Old Salt Union is a young band, but one well versed in timeless tradition and the ability to make music that’s energizing, exuberant, versatile and vibrant. Ironically, their origins are anything but ordinary. Consider their makeup — a horticulturist, a player whose interests were fuelled by classically trained musicians, and a bass player/vocalist with an interest in producing hip-hop as well as a fondness for the Four Freshmen. As odd and eclectic as that combination may be, the combination clicked from the start.
Winners of the 2015 FreshGrass Band competition, they quickly landed a recording contract with Compass Records, one of the more prestigious labels representing the entire grassicana community. Label president Alison Brown, a gifted artist in her own right, showed her further commitment to the project by agreeing to produce the band’s debut entry.
Given those credentials, it seems incidental to even mention the fact that the quintet yields some star connections of their own. The aforementioned bassist/vocalist, Jesse Farrar, is the nephew of Son Volt helmsman Jay Farrar.
On their initial outing, Old Salt Union makes no secret of their wide array of influences, from ballads to bluegrass and practically everything in-between. There’s plenty of rousing revelry to be found, all exercised with drive, dexterity and determination. Where I Stand, Feel My Love and Madam Plum are upbeat and emphatic, surefire crowd pleasers that ought to find instant appeal with newfound audiences. Their sprightly take on Paul Simon’s You Can Call Me Al rings and resounds with a freshness and enthusiasm that easily equals the original, no easy feat considering Simon’s the source. Likewise, the gypsy tempo of Flat Baroque indicates that their preferences extend far beyond the bluegrass norm.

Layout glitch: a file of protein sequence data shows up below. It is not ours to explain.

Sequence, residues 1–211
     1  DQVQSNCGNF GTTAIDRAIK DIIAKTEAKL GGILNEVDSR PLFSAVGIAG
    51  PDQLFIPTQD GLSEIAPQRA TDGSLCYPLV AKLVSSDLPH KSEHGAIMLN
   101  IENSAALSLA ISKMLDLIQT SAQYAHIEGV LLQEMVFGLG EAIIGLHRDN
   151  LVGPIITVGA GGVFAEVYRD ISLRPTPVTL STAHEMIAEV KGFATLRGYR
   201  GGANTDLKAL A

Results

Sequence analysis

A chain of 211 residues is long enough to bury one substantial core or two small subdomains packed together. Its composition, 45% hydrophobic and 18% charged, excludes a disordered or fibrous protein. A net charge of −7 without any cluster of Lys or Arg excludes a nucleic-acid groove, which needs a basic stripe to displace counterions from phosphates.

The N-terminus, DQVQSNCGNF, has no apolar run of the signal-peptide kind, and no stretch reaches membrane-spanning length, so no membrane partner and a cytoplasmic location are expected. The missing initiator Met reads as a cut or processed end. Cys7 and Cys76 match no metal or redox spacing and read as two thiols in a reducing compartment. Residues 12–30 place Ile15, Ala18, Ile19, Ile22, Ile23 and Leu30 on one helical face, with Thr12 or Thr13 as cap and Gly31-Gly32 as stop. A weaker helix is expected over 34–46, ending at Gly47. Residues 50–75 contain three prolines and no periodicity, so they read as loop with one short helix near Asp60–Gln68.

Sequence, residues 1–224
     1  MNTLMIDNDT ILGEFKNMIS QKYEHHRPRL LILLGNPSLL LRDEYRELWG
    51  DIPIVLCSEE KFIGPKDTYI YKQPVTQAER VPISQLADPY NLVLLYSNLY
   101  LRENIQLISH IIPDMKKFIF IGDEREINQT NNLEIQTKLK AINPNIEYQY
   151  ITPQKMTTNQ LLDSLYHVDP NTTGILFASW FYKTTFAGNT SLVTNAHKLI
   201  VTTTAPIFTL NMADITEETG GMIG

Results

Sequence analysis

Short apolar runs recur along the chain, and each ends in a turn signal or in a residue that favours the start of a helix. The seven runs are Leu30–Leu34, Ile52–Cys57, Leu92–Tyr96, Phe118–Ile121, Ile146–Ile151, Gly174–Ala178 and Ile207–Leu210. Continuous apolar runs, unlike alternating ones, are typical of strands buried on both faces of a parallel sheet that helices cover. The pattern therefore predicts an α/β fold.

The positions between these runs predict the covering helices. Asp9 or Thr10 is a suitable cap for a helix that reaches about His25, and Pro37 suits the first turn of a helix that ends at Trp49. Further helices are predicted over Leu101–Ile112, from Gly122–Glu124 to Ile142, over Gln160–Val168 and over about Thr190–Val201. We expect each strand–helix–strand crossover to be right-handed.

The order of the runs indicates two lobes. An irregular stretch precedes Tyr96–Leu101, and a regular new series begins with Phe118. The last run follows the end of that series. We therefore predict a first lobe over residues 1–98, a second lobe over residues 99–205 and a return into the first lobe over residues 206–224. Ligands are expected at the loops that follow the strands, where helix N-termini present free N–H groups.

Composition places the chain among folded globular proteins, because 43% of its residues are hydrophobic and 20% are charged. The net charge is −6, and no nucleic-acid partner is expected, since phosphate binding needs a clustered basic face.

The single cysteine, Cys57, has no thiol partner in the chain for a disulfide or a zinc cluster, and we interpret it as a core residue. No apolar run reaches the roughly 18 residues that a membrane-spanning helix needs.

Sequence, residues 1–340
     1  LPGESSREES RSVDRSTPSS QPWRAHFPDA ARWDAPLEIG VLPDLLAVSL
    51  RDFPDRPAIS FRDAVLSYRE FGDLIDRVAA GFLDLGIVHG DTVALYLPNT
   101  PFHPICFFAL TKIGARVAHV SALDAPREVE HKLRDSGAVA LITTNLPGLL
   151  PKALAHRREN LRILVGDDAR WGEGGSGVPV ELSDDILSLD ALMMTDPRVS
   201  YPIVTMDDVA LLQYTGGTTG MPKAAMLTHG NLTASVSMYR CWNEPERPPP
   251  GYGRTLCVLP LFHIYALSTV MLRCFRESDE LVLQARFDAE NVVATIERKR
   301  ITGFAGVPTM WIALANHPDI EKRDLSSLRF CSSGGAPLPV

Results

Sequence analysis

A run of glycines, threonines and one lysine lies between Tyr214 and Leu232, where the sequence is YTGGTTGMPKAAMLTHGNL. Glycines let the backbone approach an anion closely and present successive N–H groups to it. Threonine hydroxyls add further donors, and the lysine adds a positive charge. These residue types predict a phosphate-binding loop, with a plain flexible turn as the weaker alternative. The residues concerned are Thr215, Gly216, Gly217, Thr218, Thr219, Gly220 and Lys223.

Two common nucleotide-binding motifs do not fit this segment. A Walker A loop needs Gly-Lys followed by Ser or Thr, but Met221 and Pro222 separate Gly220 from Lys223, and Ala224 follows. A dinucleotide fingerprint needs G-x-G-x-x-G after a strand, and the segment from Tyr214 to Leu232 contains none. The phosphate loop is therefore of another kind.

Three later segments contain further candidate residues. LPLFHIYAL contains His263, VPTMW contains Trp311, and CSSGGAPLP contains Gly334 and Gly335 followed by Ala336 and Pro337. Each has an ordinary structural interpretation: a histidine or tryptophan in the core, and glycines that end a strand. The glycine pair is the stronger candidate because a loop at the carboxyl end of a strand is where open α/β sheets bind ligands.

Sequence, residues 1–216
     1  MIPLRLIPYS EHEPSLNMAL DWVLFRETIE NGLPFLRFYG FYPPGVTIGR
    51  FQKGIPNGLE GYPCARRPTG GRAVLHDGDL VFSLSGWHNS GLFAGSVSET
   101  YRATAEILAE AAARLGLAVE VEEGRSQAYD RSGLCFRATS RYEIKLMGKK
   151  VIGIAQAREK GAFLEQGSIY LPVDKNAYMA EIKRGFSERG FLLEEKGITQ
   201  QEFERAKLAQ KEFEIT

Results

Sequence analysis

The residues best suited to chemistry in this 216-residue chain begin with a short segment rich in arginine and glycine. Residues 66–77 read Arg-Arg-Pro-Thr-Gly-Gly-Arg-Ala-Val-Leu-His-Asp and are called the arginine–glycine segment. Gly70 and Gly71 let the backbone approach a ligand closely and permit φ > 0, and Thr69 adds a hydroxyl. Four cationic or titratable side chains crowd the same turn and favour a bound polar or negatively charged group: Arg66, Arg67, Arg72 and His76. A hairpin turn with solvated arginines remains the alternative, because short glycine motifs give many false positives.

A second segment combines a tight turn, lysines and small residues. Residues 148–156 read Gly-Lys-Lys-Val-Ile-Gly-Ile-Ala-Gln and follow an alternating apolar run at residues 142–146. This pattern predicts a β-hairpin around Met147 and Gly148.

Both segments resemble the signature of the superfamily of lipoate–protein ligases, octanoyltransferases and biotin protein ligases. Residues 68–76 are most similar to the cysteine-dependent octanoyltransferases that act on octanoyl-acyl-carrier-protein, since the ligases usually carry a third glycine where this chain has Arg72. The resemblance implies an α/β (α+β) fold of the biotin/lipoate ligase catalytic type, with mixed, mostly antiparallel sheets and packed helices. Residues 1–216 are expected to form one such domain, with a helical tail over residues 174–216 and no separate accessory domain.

On the other hand, their heart-wrenching ballads — Bought and Sold and On My Way in particular — show a sentimental side that’s as touching and tender as anything a more experienced band might glean from a lifetime’s experience.
Their wide expanse of sounds and style aside, Old Salt Union is, at their core, an extremely supple string band, one well equipped to carry the tradition forward while injecting their own contemporary perspective. It would be easy to credit Brown for the polish and finesse that went into the arrangements, but there’s plenty of evidence to suggest that the band came equipped with all the finesse and flourish necessary to ensure these winning results. Initial albums rarely reveal a similar level of instant appeal, but here again, Old Salt Union shows a promise and potential which points the way to future possibilities.